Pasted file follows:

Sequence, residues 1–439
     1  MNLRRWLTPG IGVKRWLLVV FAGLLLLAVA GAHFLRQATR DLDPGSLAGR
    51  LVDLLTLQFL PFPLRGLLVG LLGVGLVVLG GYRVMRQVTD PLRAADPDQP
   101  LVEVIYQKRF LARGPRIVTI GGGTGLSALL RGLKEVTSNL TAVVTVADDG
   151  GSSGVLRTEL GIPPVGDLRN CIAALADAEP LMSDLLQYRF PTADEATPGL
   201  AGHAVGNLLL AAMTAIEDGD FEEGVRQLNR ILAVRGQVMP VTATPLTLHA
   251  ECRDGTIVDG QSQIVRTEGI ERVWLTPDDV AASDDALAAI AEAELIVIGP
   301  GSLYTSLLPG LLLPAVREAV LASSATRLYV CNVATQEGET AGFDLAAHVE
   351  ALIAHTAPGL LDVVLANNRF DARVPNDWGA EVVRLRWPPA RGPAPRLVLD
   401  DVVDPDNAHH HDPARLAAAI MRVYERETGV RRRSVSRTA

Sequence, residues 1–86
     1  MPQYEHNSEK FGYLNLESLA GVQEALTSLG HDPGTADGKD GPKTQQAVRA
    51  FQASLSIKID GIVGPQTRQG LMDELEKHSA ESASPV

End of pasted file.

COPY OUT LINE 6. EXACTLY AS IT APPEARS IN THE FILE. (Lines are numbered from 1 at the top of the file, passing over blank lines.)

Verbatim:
   201  AGHAVGNLLL AAMTAIEDGD FEEGVRQLNR ILAVRGQVMP VTATPLTLHA